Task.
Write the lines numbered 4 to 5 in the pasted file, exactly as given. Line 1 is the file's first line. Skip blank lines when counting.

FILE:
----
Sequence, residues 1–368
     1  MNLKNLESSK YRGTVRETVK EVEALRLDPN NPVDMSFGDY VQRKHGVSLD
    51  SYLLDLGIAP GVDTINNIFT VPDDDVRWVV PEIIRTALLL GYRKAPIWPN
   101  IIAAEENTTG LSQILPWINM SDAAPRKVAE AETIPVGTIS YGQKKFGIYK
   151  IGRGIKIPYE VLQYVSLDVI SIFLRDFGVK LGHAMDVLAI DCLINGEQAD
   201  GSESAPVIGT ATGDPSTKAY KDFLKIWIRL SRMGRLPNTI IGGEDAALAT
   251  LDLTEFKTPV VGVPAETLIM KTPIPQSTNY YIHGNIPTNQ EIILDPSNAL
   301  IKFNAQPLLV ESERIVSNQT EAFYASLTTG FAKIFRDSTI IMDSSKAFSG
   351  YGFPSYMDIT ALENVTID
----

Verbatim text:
   101  IIAAEENTTG LSQILPWINM SDAAPRKVAE AETIPVGTIS YGQKKFGIYK
   151  IGRGIKIPYE VLQYVSLDVI SIFLRDFGVK LGHAMDVLAI DCLINGEQAD